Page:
Since the Chosun Dynasty, preparing a table of food to pay respect to one's ancestors has been the most time-consuming part of the Lunar New Year rituals.
Women in the family would take days to prepare the food.
But the preparation of these traditional Charye tables is changing.
Rather than prepare every individual ingredient, some consumers are using ready-to-cook meal kits to help them get through the holiday.
If ordered by 4PM the day before, so-called 'fresh managers' deliver the items to your door the very next day, with products freshly made overnight.
"More customers are ordering traditional rice cake soups, marinated beef and stir-fried glass noodles. Instead of an inconvenient tradition, they sit around and enjoy typical Korean food."
This is all you need to prepare a simple table for four people costing around 40 U.S. dollars.
The meal kit comes with everything needed for cooking.
The ingredients have already been washed, sliced and sealed, and come with the right amount of seasoning.
All you have to do is pour everything into a pan or a pot depending on the type of the food.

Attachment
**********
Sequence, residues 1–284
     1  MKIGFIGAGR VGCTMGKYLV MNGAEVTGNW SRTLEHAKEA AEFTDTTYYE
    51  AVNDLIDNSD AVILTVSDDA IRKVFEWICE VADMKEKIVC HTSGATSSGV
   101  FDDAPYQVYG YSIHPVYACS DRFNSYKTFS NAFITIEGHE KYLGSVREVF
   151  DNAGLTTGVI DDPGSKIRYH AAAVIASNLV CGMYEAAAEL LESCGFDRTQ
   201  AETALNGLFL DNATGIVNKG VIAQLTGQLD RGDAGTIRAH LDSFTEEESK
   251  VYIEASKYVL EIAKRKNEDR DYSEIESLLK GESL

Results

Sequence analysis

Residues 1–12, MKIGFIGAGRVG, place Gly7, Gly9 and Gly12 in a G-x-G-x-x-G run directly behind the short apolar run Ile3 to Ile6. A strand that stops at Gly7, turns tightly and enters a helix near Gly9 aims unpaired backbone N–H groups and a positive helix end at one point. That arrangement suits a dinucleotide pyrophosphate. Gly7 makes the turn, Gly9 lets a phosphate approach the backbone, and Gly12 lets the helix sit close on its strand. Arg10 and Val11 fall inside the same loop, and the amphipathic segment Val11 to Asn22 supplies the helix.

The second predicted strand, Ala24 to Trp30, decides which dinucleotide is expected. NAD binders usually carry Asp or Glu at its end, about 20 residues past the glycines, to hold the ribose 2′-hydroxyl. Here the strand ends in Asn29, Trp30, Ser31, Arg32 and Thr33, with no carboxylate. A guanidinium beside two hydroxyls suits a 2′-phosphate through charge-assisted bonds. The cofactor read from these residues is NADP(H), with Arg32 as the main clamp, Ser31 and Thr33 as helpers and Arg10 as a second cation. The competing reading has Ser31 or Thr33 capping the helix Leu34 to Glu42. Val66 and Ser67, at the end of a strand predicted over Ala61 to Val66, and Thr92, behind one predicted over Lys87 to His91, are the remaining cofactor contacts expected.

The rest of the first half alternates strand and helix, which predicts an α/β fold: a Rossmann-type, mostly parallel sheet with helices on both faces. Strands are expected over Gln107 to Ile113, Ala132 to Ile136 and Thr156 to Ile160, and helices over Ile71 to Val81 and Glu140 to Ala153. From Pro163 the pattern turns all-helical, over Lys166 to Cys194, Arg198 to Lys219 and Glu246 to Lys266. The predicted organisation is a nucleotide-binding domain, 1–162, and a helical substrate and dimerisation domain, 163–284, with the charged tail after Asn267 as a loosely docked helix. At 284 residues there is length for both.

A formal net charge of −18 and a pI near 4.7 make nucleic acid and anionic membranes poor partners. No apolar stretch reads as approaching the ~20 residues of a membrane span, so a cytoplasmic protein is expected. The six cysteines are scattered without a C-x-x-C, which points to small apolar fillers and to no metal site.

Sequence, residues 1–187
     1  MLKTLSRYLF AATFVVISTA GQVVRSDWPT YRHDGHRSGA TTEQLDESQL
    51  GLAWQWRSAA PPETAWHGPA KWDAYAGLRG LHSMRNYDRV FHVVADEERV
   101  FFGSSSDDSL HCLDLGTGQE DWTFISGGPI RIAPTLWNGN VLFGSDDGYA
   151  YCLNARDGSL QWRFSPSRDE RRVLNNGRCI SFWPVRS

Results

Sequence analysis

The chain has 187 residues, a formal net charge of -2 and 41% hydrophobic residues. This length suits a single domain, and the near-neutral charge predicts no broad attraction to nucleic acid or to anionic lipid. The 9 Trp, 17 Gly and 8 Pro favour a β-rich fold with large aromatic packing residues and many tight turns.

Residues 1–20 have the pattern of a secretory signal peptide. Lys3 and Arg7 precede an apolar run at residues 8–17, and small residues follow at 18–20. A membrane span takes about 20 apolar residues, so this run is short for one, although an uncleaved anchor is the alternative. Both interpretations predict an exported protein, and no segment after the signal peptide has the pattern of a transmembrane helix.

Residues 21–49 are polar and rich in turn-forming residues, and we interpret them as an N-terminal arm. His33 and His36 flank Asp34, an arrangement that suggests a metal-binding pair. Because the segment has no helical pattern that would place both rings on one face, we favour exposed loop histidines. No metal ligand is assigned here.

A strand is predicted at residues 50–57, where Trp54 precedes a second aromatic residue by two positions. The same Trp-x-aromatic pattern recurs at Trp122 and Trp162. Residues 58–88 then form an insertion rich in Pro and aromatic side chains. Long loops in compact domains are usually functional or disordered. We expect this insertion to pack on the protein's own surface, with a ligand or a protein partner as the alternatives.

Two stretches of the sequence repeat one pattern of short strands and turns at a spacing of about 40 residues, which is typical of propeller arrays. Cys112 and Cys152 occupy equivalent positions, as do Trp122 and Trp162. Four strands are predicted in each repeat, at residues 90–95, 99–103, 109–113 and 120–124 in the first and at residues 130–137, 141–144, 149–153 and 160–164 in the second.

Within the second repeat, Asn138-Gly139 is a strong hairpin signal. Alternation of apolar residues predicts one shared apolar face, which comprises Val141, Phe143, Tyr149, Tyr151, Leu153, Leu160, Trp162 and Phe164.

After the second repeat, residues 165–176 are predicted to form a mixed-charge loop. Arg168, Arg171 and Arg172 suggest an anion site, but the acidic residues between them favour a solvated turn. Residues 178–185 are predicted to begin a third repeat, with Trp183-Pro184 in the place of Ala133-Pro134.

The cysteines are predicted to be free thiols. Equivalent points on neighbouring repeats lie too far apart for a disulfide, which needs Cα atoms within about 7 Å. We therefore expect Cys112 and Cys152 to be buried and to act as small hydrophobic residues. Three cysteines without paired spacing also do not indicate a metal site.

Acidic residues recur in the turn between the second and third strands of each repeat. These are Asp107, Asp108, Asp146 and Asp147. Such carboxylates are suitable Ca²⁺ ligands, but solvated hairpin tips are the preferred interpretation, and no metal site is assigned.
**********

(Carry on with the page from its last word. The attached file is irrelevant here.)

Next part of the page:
"Meal kits are good because there are no left overs. Also it's convenient as I don't have to shop for ingredients. It is high quality and fresh."
Meanwhile, convenience stores are offering Premium Lunch Boxes to people staying in the cities, giving them the opportunity to enjoy the Lunar New Year.
Lunch boxes are becoming more popular during the holidays, with industry sources saying that packages for the holiday have seen sales increase 200 percent last year compared to the year before.
"The main targets are millennials. Especially with the increase of people living alone they tend not to do anything special for Seollal. And those looking for jobs or studying during the holiday don't go far to visit families."
A recent survey shows one out of five people in their 20 and 30s prefer to stay in the city.
As most of the restaurants are off on the long weekend it has become a new trend to grab Lunar New Year delicacies at nearby convenience stores instead.
Choi Jeong-yoon, Arirang News.